The U.S. Energy Information Administration issued a report last week detailing the 13,500 megawatts (MW) of electric utility capacity added in 2013.  According to the report, the total capacity added is down roughly 50% from 2012.  Natural gas and solar were the top industries generating additional capacity at just over 50% and 22% respectively. 

State and federal policymakers in the past could be confident that America’s energy demands would increase every year. Now the future isn’t as clear.  Barbara Tyran, director of Washington, D.C., and state relations with the Electric Power Research Institute (EPRI), said the Great Recession, a greater use of locally produced power, a growing interest in energy efficiency and the unprecedented increase in the natural gas supply have turned once staid assumptions about the future of energy on their head. Tyran was one of the featured speakers at a CSG policy academy about natural gas development last week and noted that all three branches of the federal government are currently engaged in shaping energy and environmental outcomes that will impact the future electricity and natural gas sectors. 

CSG Director of Energy and Environmental Policy Brydon Ross outlines the top five issues for 2013, including the future of coal, Clean Water Act legal actions, energy infrastructure hardening, managing the energy wave, and EPA air regulations. 

 

State leaders should expect energy and environmental issues to largely stay in the regulatory and legal arena in 2013 as fiscal issues will most dominate the attention of Congress. Market forces will also likely put upward pressure on the development of the country’s oil and natural gas resources, but could pose potentially complex oversight and budget issues for states. The substantial increase in natural gas supply and the current cheap price it enjoys could have long-lasting implications for the nation’s electricity mix as the use of coal-fired power declines and more stringent EPA air regulations are enforced. Lastly, as many states will continue to recover from the ravages caused by Hurricane Sandy opportunities will be presented to apply lessons learned to improve the resiliency of their energy infrastructure.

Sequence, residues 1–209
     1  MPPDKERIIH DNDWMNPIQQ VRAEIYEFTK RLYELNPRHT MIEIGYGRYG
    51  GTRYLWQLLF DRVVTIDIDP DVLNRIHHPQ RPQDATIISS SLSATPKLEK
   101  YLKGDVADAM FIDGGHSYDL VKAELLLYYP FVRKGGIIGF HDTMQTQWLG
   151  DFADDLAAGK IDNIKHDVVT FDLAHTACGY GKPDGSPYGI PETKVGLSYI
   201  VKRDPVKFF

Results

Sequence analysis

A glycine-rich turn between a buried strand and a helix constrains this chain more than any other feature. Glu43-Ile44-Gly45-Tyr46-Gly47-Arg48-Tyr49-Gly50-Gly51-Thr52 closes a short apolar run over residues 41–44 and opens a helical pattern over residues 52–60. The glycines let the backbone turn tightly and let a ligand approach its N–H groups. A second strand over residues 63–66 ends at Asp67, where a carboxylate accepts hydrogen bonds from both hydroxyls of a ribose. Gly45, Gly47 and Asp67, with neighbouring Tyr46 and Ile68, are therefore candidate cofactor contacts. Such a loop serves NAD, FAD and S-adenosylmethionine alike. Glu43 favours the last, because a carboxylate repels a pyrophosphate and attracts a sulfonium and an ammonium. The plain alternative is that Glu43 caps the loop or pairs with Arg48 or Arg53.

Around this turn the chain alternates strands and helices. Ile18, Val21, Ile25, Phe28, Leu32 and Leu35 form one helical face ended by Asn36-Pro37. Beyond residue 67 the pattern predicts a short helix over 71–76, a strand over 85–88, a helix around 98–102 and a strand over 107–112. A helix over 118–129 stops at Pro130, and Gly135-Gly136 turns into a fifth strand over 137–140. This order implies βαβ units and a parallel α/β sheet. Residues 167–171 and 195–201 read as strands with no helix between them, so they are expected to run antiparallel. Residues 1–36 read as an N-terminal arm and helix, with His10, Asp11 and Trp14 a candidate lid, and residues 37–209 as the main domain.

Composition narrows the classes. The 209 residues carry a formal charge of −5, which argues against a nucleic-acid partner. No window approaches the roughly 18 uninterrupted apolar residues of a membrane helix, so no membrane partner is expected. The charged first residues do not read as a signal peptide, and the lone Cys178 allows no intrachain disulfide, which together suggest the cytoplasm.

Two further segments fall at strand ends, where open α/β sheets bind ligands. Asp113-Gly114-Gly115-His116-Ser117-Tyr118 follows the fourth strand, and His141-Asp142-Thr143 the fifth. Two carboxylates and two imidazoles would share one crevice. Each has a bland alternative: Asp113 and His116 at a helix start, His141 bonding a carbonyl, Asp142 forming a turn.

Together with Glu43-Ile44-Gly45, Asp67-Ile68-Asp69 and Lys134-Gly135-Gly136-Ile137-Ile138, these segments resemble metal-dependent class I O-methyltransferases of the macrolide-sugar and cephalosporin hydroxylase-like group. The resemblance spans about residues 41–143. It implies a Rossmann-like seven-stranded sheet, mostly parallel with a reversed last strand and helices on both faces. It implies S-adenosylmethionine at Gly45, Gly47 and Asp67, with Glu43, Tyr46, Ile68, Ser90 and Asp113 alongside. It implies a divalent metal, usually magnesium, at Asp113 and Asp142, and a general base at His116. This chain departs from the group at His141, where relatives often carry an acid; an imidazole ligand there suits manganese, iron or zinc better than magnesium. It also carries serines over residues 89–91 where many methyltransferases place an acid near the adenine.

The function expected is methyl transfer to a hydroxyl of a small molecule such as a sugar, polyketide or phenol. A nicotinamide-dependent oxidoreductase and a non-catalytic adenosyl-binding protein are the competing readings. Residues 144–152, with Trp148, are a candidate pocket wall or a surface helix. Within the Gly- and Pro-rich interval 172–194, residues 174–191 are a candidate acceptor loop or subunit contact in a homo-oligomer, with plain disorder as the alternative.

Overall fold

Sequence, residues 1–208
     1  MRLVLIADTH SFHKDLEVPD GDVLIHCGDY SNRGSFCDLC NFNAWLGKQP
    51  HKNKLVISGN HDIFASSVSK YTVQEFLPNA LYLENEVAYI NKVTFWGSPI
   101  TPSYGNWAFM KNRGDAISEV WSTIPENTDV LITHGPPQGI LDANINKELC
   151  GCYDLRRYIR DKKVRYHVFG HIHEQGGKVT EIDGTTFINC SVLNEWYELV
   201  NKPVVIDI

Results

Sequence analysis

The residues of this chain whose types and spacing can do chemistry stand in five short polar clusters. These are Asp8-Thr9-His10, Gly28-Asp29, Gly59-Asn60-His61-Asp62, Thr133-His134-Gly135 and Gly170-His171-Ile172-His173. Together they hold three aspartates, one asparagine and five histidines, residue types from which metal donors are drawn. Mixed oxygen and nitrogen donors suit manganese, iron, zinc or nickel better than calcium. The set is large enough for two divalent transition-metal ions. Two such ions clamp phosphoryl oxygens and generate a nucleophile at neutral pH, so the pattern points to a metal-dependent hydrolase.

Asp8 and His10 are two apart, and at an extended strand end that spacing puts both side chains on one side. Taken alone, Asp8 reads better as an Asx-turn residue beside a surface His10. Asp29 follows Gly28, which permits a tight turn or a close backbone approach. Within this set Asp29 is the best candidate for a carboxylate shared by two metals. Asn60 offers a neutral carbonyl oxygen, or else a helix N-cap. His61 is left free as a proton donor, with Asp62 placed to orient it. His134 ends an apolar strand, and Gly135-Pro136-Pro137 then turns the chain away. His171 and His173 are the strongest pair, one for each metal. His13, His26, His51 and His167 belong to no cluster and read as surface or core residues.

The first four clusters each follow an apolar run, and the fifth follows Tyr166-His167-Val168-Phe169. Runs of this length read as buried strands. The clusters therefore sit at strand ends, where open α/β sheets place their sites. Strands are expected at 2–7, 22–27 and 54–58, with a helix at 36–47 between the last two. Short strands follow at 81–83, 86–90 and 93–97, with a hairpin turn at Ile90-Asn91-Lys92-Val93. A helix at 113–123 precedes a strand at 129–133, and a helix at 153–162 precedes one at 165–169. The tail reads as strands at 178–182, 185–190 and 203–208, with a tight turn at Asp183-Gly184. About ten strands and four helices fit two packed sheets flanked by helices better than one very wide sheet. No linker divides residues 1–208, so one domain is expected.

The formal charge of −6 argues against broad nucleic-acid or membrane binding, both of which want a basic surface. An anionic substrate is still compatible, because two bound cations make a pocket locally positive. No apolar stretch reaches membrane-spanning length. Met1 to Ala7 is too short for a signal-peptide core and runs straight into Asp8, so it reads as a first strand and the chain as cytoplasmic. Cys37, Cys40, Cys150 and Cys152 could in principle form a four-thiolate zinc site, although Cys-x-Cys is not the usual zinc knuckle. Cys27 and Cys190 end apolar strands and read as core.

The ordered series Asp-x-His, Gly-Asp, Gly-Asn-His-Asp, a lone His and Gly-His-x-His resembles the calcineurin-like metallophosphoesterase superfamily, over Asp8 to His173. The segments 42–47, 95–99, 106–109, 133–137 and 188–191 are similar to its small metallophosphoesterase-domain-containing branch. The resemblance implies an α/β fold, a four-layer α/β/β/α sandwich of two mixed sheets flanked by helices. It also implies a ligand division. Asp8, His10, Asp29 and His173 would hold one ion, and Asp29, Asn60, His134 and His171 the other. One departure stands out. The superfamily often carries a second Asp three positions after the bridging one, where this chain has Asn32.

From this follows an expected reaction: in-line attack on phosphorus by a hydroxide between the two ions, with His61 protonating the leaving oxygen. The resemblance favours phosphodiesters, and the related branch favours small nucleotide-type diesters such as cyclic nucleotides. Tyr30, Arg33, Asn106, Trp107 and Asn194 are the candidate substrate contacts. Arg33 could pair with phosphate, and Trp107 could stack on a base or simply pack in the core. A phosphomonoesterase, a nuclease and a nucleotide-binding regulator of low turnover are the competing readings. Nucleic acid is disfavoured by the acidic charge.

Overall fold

States have been reclaiming and restoring thousands of abandoned mine sites that pre-existed federal environmental laws. To cope with the environmental and public safety threats they pose, Congress passed legislation in the late 1970s charging fees for coal production that were disbursed back to states for remediation efforts. Recent changes made by the Transportation Reauthorization bill have altered and cut the payment structure for many states still dealing with the long-term ramifications of abandoned mines.

The Environmental Protection Agency in December 2011 issued new stringent regulations called the Mercury and Air Toxics Standards, or MATS, Rule to limit mercury emissions and other hazardous substances from fossil fuel power plants. The standards have been controversial because of industry concerns with costs and grid reliability. The EPA, however, contends the standards are reasonable, provide billions of dollars in public health benefits and will prevent thousands of premature deaths.

According to recent figures by the Energy Information Administration (EIA), the percentage of electric power generation from coal  fell by 19% in the first quarter of 2012 compared to the same time period in 2011. Overall, coal-fired power made up 36% of US electricity generation in the first quarter of 2012 and in the first quarter of 2011 that figure was 44%. EIA went on to estimate in its short-term energy outlook that coal consumption will fall by 14% in 2012.

CSG’s Energy & Environment Task Force met on October 22 to discuss pressing policy issues, to hear from staff on the progress of specific programs and to review both policy resolutions and select Suggested State Legislation.

Several states in the Midwest are now involved in carbon-capture-and-storage projects. 

Enhanced oil recovery is a decades-old, proven commercial activity already widely practiced in the Permian Basin of Texas, the U.S. Gulf Coast and elsewhere. But could EOR be more widely employed in the Midwest, and ultimately become a central part of this region’s energy policy?

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